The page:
In my recent sabbatical/reboot I spent a lot of time trying to figure out what it is I want to do, and why I want to do it.
What I enjoy doing is actually pretty simple: playing with technology. As I once put it long ago, I enjoy making personal computers and related technologies “dance”. That doesn’t mean I hop on to every new technology or latch on to every latest and greatest fad, but it does mean that I pay attention to most and am not hesitant to try something new when I think it’s interesting and when I think it’s “ready”.
During the sabbatical, for example – a time that most might consider a type of vacation – I absolutely stepped away from the day-to-day operation of my business and focused on introspection as well as relaxation and enjoyment.
How did I relax and enjoy? I upgraded my primary desktop machine to use a solid state drive. I also added a 3 terabyte drive to it. I upgraded it to Windows 8. I upgraded an unused laptop of mine to also use an SSD. I purchased a Microsoft Surface Pro and started figuring it out.
Now to many folks, that all sounds like work, or nothing more than potential sources for unneeded frustration. For me? Fun. It was fun to do all those things – yes, even the Windows 8 upgrade.
So why all this enjoyment and focus on technology – in particular personal technology and computing?
Because nothing has made more of an impact on how we live our lives today, and nothing has the potential to so seriously improve the human condition, as the technologies each one of us now has at our disposal, and the wonders yet to come.
Back in 1966 or thereabouts my parents made a phone call to my grandparents in The Netherlands. That involved contacting the operator, who contacted a long distance operator, who contacted an overseas operator in New York, who (presumably) contacted another operator somewhere in Holland who then made the final connection. The process was complicated enough that my folks initiated it and then hung up the phone. Half a hour later one of the aforementioned operators called back with the call ready to be connected. That three minute phone conversation between people who hadn’t heard each other’s voices in over a decade, was also incredibly expensive.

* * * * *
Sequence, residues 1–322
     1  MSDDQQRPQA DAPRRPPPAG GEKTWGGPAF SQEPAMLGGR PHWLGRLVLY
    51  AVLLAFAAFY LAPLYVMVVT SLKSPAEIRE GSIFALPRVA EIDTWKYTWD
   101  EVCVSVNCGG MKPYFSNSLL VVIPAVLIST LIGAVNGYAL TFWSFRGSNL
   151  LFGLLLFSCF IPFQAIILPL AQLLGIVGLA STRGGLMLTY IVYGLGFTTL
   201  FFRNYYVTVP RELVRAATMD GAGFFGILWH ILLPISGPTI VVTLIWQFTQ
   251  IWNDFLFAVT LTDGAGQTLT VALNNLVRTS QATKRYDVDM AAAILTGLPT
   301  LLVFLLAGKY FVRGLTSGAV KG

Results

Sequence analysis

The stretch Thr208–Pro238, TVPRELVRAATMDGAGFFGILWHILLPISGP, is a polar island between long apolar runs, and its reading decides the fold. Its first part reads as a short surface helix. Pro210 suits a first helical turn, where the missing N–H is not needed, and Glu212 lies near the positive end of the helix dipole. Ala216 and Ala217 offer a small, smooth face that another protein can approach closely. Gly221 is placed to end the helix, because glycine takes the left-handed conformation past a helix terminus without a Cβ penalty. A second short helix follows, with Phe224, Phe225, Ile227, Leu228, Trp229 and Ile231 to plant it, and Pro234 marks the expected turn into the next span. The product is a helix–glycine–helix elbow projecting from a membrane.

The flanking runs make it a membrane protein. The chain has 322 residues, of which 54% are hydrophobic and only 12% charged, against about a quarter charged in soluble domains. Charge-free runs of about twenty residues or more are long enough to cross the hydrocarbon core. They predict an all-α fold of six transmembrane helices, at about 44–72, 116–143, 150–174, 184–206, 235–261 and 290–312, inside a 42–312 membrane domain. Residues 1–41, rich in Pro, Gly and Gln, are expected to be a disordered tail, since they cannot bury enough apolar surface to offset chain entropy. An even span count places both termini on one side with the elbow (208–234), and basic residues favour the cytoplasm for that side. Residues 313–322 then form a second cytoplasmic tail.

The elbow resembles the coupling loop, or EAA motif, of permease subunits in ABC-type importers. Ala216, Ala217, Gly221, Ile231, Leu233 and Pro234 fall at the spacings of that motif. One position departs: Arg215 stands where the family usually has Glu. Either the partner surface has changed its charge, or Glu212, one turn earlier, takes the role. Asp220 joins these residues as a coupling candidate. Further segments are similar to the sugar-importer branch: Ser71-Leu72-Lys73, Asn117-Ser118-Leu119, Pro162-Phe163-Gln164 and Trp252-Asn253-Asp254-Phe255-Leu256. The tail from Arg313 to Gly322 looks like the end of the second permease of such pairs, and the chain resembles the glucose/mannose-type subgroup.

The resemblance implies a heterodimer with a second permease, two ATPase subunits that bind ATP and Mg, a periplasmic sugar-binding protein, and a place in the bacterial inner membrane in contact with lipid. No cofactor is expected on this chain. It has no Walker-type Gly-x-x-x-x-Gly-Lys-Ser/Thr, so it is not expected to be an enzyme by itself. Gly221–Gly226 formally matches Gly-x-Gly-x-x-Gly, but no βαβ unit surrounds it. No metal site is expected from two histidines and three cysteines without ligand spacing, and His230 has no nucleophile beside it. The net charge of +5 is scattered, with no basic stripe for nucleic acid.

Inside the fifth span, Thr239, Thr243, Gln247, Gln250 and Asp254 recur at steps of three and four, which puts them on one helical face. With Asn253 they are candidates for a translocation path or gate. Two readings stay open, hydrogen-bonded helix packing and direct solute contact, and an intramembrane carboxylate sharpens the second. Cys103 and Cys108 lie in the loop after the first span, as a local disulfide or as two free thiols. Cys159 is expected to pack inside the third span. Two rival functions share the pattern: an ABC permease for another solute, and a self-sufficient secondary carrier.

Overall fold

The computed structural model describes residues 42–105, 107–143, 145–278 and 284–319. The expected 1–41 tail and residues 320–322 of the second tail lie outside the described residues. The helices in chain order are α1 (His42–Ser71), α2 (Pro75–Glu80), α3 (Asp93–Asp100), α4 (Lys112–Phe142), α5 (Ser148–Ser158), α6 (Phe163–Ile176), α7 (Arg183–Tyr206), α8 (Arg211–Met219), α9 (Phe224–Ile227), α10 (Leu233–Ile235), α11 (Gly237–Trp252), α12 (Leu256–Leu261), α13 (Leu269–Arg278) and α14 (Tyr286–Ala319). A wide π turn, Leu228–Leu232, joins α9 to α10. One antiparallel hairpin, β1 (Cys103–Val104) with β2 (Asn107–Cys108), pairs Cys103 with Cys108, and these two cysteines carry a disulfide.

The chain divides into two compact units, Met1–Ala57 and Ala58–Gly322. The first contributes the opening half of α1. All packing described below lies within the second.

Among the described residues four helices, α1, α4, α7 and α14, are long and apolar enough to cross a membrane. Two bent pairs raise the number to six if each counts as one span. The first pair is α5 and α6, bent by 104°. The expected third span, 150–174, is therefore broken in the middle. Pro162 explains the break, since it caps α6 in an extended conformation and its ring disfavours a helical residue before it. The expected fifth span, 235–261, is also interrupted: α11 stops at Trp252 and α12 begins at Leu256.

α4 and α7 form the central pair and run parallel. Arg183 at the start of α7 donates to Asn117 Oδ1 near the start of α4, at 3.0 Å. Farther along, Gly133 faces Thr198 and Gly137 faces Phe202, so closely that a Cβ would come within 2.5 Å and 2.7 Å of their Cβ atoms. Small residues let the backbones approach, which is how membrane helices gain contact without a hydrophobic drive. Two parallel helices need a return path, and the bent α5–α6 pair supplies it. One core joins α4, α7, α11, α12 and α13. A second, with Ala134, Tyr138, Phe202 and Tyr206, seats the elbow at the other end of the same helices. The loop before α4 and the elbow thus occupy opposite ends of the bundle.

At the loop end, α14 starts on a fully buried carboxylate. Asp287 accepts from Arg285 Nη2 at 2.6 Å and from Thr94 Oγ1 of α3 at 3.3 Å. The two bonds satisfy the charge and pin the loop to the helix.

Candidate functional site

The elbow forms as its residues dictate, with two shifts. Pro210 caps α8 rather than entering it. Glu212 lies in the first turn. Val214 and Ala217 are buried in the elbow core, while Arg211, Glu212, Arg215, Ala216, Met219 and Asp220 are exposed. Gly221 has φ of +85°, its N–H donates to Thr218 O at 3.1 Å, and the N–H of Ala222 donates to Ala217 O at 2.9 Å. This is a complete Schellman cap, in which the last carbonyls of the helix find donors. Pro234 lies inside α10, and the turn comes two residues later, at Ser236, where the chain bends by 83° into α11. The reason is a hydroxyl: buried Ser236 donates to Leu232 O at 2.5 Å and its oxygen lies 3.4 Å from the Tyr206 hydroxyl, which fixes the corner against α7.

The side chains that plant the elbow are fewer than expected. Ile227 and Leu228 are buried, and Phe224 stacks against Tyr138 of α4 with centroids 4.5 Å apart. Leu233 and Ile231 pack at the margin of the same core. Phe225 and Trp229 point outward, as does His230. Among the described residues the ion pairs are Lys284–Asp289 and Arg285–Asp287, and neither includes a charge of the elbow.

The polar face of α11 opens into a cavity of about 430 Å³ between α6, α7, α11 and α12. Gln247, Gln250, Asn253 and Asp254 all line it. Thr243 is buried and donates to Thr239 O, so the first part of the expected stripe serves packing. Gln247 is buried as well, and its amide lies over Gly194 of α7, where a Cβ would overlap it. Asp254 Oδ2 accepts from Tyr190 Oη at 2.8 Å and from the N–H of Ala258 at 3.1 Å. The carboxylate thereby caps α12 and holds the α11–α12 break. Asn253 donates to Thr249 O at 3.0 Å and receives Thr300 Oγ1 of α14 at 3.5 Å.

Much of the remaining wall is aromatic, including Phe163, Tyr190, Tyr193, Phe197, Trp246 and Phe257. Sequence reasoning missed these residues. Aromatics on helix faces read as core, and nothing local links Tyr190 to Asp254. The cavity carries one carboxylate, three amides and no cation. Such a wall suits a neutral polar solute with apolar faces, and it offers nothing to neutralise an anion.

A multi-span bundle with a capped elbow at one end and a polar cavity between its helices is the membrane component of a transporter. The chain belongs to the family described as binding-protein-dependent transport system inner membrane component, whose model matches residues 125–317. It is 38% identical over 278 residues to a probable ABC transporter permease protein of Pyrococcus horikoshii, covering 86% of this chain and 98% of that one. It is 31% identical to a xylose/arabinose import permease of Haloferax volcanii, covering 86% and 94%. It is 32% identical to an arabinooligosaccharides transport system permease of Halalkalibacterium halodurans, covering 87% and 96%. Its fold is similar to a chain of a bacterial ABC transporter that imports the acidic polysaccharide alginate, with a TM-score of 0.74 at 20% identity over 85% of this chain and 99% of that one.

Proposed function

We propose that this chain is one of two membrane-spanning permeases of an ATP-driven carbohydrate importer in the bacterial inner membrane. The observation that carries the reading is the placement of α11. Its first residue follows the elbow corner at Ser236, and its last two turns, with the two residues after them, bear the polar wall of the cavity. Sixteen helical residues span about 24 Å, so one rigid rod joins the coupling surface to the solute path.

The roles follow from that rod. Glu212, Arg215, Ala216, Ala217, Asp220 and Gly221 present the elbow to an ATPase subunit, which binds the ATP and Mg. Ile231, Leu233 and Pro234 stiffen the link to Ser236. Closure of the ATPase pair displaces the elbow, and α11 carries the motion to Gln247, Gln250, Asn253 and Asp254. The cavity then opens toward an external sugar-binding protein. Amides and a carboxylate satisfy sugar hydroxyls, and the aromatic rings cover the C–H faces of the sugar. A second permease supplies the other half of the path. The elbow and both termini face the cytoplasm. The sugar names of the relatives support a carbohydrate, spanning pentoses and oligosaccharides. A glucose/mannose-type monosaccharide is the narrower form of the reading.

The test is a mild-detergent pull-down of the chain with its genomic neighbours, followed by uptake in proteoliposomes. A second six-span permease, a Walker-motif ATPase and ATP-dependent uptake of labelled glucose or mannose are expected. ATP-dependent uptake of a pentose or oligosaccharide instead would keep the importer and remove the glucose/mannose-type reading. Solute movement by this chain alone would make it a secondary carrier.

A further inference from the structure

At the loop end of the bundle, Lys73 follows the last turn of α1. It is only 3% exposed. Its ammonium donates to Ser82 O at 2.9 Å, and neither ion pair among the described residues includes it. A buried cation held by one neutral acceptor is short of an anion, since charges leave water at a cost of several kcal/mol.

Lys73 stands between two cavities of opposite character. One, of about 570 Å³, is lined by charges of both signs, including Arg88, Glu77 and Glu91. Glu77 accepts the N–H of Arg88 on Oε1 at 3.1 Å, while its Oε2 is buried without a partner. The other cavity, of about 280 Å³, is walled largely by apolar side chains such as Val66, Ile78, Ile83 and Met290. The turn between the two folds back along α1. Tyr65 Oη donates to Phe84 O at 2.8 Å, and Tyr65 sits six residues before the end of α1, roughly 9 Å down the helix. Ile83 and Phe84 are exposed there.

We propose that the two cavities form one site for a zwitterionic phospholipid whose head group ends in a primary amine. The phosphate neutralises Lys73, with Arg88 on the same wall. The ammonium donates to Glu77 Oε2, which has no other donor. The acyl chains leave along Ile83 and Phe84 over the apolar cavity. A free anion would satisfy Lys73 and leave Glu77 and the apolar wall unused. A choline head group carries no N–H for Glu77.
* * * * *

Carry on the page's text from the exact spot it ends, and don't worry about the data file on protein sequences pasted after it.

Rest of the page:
Today if I notice that my cousin in Holland is online, I can connect to her in seconds using text, voice or video. For free. From my travel trailer at the coastal park, if that’s where I happen to be.
Even this blog post was written – and posted – from that travel trailer in a state park.
Now, I know that all sounds a lot like just about any old fart grumping that “kids today just don’t appreciate what they have”, but that’s not really the point at all. The point is simply that today, right now, you and I can do amazing things. Sometimes the best way to make that point is to compare it to how things were done in the past.
The inter-connectedness we have at our disposal, the vast amounts of information available to us at a moments notice, the way in which anyone with a some basic knowledge can communicate with their friends and family, or even the entire world is simply amazing. The ease and convenience with which we can access almost any online resource using anything from a desktop personal computer to a small device in our pocket is nothing less than a miracle. I am in awe, each day, and both excited and humbled to be able to experience and be part of this global phenomenon.
More than a few people have heard me say “I love living in the future”, and I’m sure I’ll keep saying it for a long time.[pullquote_right]I truly believe that technology, and specifically personal and individually accessible technologies, are the key to humanity’s next stage of growth and even survival. [/pullquote_right]
Now, certainly every new technology that’s come along over the course of human evolution has the potential to be misused, and in this regard computer technology is no different than what’s come before. What is different is the massive potential to empower the individual to communicate with, and impact, people all over the world – from family to neighbors to strangers on the other side of the planet.
I truly believe that technology, and specifically personal and individually accessible technologies, are the key to humanity’s next stage of growth and even survival. Nothing the human race has seen to date has the potential to empower the individual to make as much of a difference, to make as much of a connection, to make as much of himself as the technologies we have in front of us and the technologies yet to come.
I think it’s imperative that we embrace these technologies for our own future and well being, as perhaps even the very future of humanity itself.
That gets me excited.
That’s why I love what I do.